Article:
A friend of mine told me a story about a friend of his who was working on the film and refused to leave, even when crewmembers were fleeing en masse out of some masochistic impulse to endure at all costs. The chest-beating, bear-baiting, man-on-man hubris around this film has crowded out more reasonable discourse. If you would like to sit through more than two hours of men bonking each other and bellowing, be my guest. At the end, what you get is the sense you have been used to further the ambition and ego of both the film's director and its star. You have been screwed my friend, used and abused, with little to show for it but a sore bum and an empty feeling inside. (Now you know how it feels to be a woman.)
I think a recent Onion story got it right with the headline, "Leonardo DiCaprio Hopes He Screamed and Cried Good Enough In 'The Revenant' To Win Oscar." But the thing that's most troubling to me is the distinct lack of soul at the heart of this thing. For all the oodles of money spent, the hair-rending hysterics of the actors, and the bravura camera work that never stops screaming "Look at me!" the film has no heart. A movie like Tangerine, shot on an iPhone with unknown actors and made for $100,000, has 10 times the spirit, the humanity, and the pathos of The Revenant, which boasted a budget of $135 million.
I know money doesn't buy happiness, but it probably buys awards if the recent Golden Globes are any indication. Folks are still scratching their heads over the fact that director Ridley Scott picked up the Best Comedy Award. As one pundit recently put it: "The Martian won the Golden Globe for Best Comedy because everything is a lie."
After a while, it starts to feel a little bleak and weirdly repetitive. All this endless discussion, editorials, and handwringing only go so far. We end up having the same conversations over and over again. This isn't helpful, and worse it's weirdly enervating. How many columns have been published in the last few days about the white Oscars? Whether this level of public shaming does any good, I don't know. It might be more useful to leave the Academy to its own increasing irrelevance and go off to do other things. Audiences have apparently decided to do this anyway, as the numbers of people who actually watch the show have continued to dwindle in recent years.
What to do? Start here
If you want to take a more proactive approach, you can instill systemic, government-mandated change like the Swedes. The ratio of 50:50 has apparently already been achieved in Sweden and has inspired other countries to do the same. Perhaps the National Film Board could revive Studio D here in little ol' Canada.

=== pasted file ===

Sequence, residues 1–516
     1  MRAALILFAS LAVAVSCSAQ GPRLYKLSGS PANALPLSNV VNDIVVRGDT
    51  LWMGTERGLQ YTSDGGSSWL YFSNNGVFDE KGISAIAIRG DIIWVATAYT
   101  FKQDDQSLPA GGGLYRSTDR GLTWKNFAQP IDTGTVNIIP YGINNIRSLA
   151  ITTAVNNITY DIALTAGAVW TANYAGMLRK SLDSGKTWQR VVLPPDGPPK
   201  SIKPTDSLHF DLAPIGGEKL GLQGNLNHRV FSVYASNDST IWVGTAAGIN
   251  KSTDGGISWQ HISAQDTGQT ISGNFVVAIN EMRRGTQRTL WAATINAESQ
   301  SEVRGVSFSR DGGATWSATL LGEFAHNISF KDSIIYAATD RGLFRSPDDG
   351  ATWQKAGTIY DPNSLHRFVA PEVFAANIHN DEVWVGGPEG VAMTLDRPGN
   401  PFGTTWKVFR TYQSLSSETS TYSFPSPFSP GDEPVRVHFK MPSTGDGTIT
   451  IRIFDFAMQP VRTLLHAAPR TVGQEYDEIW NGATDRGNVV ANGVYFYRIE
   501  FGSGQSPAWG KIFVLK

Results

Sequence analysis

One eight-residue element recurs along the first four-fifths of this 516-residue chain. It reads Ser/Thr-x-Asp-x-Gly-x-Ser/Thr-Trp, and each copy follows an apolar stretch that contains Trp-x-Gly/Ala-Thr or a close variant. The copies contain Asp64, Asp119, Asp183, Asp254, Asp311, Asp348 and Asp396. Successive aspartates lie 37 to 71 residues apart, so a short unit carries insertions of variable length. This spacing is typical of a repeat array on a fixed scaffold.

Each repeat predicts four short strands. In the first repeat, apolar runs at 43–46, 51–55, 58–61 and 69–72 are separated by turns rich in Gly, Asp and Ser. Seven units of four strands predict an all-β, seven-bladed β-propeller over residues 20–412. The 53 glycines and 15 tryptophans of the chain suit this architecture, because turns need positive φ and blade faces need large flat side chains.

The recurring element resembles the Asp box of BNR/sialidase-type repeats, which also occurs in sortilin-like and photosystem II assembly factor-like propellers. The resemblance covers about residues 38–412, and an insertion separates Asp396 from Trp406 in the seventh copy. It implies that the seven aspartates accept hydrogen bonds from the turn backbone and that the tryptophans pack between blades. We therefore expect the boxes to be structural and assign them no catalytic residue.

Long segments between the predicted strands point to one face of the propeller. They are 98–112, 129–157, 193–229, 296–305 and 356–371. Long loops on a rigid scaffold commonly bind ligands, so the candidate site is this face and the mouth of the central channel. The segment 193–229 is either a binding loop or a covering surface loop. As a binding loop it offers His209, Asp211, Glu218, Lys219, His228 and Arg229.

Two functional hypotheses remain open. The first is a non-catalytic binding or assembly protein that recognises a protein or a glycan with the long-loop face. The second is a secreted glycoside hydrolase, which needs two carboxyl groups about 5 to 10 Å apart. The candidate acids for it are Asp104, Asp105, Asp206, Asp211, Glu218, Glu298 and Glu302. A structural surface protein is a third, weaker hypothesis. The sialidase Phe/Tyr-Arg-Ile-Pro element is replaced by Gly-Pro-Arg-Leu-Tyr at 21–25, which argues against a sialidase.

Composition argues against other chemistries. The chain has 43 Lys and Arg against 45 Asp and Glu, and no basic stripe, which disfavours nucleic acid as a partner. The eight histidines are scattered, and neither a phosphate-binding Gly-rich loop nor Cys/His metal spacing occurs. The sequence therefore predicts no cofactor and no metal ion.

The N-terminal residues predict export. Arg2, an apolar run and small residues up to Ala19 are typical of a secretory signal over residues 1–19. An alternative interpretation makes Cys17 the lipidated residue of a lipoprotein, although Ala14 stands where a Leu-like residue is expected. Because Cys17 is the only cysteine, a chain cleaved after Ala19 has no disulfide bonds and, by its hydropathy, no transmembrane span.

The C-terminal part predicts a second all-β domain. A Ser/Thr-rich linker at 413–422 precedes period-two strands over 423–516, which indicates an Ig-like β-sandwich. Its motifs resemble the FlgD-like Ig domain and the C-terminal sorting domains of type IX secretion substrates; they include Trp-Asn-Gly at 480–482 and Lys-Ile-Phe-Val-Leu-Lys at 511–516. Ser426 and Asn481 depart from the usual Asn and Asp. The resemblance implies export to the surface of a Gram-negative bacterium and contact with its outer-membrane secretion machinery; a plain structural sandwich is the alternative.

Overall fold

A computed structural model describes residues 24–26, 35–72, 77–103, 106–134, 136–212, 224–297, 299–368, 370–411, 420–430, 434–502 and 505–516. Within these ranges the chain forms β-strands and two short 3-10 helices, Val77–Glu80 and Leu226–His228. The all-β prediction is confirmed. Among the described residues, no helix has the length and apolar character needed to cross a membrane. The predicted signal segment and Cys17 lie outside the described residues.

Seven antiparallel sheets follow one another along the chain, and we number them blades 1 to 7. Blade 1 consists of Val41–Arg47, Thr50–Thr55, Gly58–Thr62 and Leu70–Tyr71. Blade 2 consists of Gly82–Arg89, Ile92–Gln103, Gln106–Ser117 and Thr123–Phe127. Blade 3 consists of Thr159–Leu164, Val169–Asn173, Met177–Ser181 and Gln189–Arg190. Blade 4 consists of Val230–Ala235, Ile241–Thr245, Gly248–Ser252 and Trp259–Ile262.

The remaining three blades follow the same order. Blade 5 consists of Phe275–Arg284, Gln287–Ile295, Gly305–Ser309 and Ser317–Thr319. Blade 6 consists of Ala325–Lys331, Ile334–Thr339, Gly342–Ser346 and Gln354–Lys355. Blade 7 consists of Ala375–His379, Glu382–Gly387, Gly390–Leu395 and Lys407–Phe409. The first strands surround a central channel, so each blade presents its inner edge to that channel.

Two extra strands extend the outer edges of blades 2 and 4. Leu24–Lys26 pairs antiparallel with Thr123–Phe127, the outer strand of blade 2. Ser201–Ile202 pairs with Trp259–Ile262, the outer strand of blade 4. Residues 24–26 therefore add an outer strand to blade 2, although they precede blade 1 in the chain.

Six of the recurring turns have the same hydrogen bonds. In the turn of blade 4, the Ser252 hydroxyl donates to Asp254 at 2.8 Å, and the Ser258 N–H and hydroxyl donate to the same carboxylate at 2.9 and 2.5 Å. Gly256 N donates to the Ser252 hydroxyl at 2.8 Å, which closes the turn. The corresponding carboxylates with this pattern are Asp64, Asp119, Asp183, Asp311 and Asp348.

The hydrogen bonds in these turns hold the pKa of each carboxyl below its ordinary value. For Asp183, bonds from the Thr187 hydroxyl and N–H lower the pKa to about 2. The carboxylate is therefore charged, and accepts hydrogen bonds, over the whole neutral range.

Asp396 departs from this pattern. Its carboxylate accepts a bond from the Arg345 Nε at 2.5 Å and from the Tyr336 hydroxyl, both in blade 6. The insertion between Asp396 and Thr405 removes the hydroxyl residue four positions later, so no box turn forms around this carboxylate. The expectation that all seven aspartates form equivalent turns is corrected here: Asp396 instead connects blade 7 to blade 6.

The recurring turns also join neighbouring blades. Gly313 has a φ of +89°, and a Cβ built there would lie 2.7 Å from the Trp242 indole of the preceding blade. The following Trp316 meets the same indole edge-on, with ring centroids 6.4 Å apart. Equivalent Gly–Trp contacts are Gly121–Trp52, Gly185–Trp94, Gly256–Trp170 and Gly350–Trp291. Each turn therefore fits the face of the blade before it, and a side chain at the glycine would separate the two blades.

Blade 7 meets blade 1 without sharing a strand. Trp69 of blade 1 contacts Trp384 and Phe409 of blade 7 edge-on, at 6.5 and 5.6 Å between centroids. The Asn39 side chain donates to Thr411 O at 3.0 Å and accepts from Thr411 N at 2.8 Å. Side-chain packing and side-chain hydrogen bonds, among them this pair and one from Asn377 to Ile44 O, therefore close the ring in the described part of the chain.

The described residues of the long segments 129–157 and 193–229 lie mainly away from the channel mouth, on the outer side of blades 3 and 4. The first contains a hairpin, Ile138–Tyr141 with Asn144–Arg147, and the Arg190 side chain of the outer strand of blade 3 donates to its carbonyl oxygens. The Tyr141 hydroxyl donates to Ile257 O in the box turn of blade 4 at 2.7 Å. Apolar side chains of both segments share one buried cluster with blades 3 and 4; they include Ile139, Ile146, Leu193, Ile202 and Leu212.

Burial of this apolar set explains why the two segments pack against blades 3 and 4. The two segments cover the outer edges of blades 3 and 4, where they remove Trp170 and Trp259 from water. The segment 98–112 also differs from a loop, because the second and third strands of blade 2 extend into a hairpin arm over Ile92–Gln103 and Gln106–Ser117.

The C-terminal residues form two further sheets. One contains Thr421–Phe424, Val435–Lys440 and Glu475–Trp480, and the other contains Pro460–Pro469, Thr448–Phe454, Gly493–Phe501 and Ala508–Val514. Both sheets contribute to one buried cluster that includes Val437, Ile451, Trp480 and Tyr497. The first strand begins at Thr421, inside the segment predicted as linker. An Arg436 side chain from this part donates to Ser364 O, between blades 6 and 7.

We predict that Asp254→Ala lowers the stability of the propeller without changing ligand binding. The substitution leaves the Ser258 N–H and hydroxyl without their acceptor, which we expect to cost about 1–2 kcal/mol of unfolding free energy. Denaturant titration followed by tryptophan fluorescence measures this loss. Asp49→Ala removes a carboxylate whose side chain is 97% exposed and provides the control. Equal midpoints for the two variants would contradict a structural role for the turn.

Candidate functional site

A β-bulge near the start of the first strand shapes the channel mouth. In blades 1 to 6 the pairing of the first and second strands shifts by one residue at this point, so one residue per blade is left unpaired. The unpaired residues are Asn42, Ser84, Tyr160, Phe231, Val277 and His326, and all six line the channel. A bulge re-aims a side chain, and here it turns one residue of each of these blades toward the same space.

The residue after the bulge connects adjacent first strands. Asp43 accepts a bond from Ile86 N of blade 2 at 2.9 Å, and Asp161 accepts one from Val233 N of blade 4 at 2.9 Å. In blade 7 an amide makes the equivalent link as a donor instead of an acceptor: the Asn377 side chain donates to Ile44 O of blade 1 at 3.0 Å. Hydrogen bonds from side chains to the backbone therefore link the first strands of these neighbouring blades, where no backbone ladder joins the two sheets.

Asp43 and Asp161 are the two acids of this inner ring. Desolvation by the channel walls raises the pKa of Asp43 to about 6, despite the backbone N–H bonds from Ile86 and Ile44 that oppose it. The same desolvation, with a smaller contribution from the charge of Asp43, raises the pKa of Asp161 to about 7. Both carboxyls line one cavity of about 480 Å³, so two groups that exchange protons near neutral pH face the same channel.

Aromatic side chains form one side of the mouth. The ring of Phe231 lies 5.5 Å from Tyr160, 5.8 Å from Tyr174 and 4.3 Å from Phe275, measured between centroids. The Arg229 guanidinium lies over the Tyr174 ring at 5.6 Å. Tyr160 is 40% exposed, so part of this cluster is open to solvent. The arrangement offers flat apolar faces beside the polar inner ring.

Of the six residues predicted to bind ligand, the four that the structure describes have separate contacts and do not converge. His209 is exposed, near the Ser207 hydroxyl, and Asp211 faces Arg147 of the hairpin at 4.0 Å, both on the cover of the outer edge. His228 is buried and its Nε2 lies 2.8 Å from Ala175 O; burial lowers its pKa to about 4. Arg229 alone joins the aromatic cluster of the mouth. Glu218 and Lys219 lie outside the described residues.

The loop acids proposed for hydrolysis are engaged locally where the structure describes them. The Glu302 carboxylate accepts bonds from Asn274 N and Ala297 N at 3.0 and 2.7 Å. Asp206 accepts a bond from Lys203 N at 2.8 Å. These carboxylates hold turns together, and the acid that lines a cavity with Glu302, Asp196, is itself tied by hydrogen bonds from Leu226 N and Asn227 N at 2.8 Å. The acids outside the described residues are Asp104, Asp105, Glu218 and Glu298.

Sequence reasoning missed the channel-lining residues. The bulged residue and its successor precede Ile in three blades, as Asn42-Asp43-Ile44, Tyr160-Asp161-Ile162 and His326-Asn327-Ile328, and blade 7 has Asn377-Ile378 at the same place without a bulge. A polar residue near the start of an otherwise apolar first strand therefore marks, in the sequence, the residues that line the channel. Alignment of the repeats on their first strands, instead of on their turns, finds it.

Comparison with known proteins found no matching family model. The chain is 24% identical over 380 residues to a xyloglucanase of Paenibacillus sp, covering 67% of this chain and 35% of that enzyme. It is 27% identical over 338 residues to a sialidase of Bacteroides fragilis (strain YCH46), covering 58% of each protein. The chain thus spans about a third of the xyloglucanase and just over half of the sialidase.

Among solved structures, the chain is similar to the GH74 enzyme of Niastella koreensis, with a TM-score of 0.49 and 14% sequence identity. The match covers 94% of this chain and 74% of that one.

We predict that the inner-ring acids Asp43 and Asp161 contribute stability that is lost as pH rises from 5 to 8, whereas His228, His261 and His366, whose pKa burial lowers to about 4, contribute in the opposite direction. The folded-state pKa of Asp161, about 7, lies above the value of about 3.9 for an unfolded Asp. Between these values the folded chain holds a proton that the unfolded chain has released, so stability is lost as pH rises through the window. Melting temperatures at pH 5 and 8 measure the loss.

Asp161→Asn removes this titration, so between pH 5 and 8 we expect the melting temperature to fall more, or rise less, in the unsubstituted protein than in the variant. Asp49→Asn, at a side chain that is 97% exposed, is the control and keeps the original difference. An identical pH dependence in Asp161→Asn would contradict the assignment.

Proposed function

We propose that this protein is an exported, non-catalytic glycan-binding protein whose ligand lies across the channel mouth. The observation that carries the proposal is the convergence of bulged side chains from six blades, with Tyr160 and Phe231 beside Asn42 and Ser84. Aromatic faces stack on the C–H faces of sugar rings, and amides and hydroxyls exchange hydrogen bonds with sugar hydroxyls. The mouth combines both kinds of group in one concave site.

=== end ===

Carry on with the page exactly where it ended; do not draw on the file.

Festivals can lead the way. The commitment of Sundance to gender parity is a laudable start. If the Cannes Film Festival makes itself look ridiculous by insisting that women wear heels, other festivals are taking a more egalitarian approach. Festivals such as IDFA in Amsterdam have featured programs devoted to women filmmakers.
Even if you don't run a major film festival or head up the Swedish Film Institute, you can make change on a much smaller and more personal scale. If you want to see films that reflect the world as you actually experience and understand it, you could go out and make your own. I would encourage those of you with the will and determination to do just that. You can also write and talk about women-directed films that deserve wider recognition. All hail Laurie Anderson! You can make hilarious podcasts, publish zines, or start a punk band. I think about this a lot and implicate myself in being less active than I should be. The opportunity to speak up, to be a good ally for people of colour is the only way to make things better. It's just a long slog sometimes. But we do have power, whether it's with our money or our voices. For every august film journal that features a single female writer -- maybe two, if you're really lucky -- cancel your subscription until they deem fit to change their ways.
But before we start singing Parachute Club anthems, there are certain things that need to fundamentally shift, beginning with the gatekeepers: the people with money and power who get films made and distributed. It helps if they are fair and equitable in their assessments and allocations.
Boycotting the goddamn Oscars might just be a good start. We don't need no whitewash anymore.